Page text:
Patchwork [-v2] ext4: avoid reusing recently deleted inodes in no journal mode

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Submitter Theodore Ts'o
Date July 26, 2013, 7:32 p.m.
Message ID <1374867164-21942-1-git-send-email-tytso@mit.edu>
Download mbox | patch
Permalink /patch/262263/
State Superseded
Headers show

Comments

Theodore Ts'o - July 26, 2013, 7:32 p.m.
In no journal mode, if an inode has recently been deleted, we
shouldn't reuse it right away.  Otherwise it's possible, after an
unclean shutdown, to hit a situation where a recently deleted inode
gets reused for some other purpose before the inode table block has
been written to disk.  However, if the directory entry has been
updated, then the directory entry will be pointing at the old inode
contents.

E2fsck will make sure the file system is consistent after the
unclean shutdown.  However, if the recently deleted inode is a
character mode device, or an inode with the immutable bit set, even
after the file system has been fixed up by e2fsck, it can be
possible for a *.pyc file to be pointing at a character mode
device, and when python tries to open the *.pyc file, Hilarity
Ensues.  We could change all of userspace to be very suspicious
about stat'ing files before opening them, and clearing the
immutable flag if necessary --- or we can just avoid reusing an
inode number if it has been recently deleted.

Google-Bug-Id: 10017573

Signed-off-by: "Theodore Ts'o" <tytso@mit.edu>
---
 fs/ext4/ialloc.c | 51 +++++++++++++++++++++++++++++++++++++++++++++++++++
 1 file changed, 51 insertions(+)
Jan Kara - July 29, 2013, 1:32 p.m.
On Fri 26-07-13 15:32:43, Ted Tso wrote:
> In no journal mode, if an inode has recently been deleted, we
> shouldn't reuse it right away.  Otherwise it's possible, after an
> unclean shutdown, to hit a situation where a recently deleted inode
> gets reused for some other purpose before the inode table block has
> been written to disk.  However, if the directory entry has been
> updated, then the directory entry will be pointing at the old inode
> contents.
> 
> E2fsck will make sure the file system is consistent after the
> unclean shutdown.  However, if the recently deleted inode is a
> character mode device, or an inode with the immutable bit set, even
> after the file system has been fixed up by e2fsck, it can be
> possible for a *.pyc file to be pointing at a character mode
> device, and when python tries to open the *.pyc file, Hilarity
> Ensues.  We could change all of userspace to be very suspicious
> about stat'ing files before opening them, and clearing the
> immutable flag if necessary --- or we can just avoid reusing an
> inode number if it has been recently deleted.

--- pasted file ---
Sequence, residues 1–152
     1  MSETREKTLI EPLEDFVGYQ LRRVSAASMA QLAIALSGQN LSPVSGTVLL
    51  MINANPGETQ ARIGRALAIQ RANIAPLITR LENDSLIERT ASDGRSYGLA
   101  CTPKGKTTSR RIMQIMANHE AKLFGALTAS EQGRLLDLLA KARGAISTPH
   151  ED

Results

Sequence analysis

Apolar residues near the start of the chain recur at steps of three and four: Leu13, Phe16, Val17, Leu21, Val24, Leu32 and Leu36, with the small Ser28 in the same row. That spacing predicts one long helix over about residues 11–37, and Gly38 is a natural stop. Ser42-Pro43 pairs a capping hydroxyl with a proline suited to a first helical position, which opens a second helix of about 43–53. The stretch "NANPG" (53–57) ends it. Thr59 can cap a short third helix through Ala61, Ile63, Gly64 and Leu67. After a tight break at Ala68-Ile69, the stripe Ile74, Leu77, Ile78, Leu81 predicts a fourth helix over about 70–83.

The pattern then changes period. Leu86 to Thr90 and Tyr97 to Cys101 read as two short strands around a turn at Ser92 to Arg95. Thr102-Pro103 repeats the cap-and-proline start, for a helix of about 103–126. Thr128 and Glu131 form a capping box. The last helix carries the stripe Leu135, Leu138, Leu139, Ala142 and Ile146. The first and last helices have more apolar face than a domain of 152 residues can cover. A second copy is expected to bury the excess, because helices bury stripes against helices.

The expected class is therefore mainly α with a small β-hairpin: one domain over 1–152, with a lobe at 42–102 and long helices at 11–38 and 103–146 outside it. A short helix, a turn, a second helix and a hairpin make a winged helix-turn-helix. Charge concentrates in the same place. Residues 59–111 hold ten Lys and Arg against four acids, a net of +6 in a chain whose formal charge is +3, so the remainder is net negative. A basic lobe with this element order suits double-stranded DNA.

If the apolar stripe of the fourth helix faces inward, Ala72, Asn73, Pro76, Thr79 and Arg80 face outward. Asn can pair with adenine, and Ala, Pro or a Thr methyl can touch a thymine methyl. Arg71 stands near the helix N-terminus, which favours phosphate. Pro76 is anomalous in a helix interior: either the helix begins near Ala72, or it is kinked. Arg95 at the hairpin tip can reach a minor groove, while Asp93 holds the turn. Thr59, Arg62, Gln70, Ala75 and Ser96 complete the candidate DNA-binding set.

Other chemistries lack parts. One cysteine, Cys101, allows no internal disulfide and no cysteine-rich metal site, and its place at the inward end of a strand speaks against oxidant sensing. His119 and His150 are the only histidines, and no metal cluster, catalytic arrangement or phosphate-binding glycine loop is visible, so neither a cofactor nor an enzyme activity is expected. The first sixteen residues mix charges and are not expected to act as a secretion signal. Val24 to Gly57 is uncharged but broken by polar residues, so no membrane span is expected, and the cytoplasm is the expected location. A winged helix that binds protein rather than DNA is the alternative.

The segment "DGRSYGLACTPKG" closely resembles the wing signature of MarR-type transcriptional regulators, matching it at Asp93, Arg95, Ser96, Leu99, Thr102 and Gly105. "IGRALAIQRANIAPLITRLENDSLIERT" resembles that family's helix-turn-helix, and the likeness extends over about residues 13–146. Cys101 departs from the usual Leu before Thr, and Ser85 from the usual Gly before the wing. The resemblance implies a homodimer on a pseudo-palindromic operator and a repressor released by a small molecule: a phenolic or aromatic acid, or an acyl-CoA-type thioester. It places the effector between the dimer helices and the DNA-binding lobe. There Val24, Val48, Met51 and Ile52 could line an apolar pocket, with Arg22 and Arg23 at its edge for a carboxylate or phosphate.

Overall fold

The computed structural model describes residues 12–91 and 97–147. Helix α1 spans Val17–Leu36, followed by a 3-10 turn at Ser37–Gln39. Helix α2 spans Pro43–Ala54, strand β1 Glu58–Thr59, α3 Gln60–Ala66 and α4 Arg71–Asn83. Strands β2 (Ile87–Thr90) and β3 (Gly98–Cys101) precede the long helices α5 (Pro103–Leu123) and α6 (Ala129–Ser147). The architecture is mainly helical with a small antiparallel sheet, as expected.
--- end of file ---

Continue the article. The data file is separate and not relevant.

Hum, I don't like this very much since it's just a heuristic which is
going to work in 99% of cases but not all. But likely it's better than
nothing...

> Google-Bug-Id: 10017573
> 
> Signed-off-by: "Theodore Ts'o" <tytso@mit.edu>
> ---
>  fs/ext4/ialloc.c | 51 +++++++++++++++++++++++++++++++++++++++++++++++++++
>  1 file changed, 51 insertions(+)
> 
> diff --git a/fs/ext4/ialloc.c b/fs/ext4/ialloc.c
> index 5b8e22e..7d5ac66 100644
> --- a/fs/ext4/ialloc.c
> +++ b/fs/ext4/ialloc.c
> @@ -625,6 +625,51 @@ static int find_group_other(struct super_block *sb, struct inode *parent,
>  }
>  
>  /*
> + * In no journal mode, if an inode has recently been deleted, we want
> + * to avoid reusing it until we're reasonably sure the inode table
> + * block has been written back to disk.
> + */
> +int recently_deleted(struct super_block *sb, ext4_group_t group, int ino)
> +{
> +	struct ext4_group_desc	*gdp;
> +	struct ext4_inode	*raw_inode;
> +	struct buffer_head	*bh;
> +	unsigned long		dtime, now;
> +	int	inodes_per_block = EXT4_SB(sb)->s_inodes_per_block;
> +	int	offset, ret = 0, recentcy = 30;
  I'd use dirty_expire_interval here so that we are at least tied to
flusher thread timeout...

> +
> +	gdp = ext4_get_group_desc(sb, group, NULL);
> +	if (unlikely(!gdp))
> +		return 0;
> +
> +	bh = sb_getblk(sb, ext4_inode_table(sb, gdp) +
> +		       (ino / inodes_per_block));
> +	if (unlikely(!bh) || !buffer_uptodate(bh))
> +		/*
> +		 * If the block is not in the buffer head, then it
                                                     ^^^^ cache

> +		 * must have been written out.
> +		 */
> +		goto out;
> +
> +	offset = (ino % inodes_per_block) * EXT4_INODE_SIZE(sb);
> +	raw_inode = (struct ext4_inode *) (bh->b_data + offset);
> +	dtime = le32_to_cpu(raw_inode->i_dtime);
> +	now = get_seconds();
> +	if (!buffer_dirty(bh))
> +		/*
> +		 * Five seconds should be enough time for a block to be
> +		 * committed to the platter once it is sent to the HDD
> +		 */
> +		recentcy = 5;
  This is completely ad-hoc and I cannot say anything about what value
would be appropriate here. Jens told me disk can hold on sectors for
*minutes* in their writeback caches when these blocks are unsuitably placed
and there's enough streaming IO going on. So the question is what value do
we want to base this on?

> +
> +	if (dtime && (dtime < now) && (now < dtime + recentcy))
> +		ret = 1;
> +out:
> +	brelse(bh);
> +	return ret;
> +}
> +
> +/*
>   * There are two policies for allocating an inode.  If the new inode is
>   * a directory, then a forward search is made for a block group with both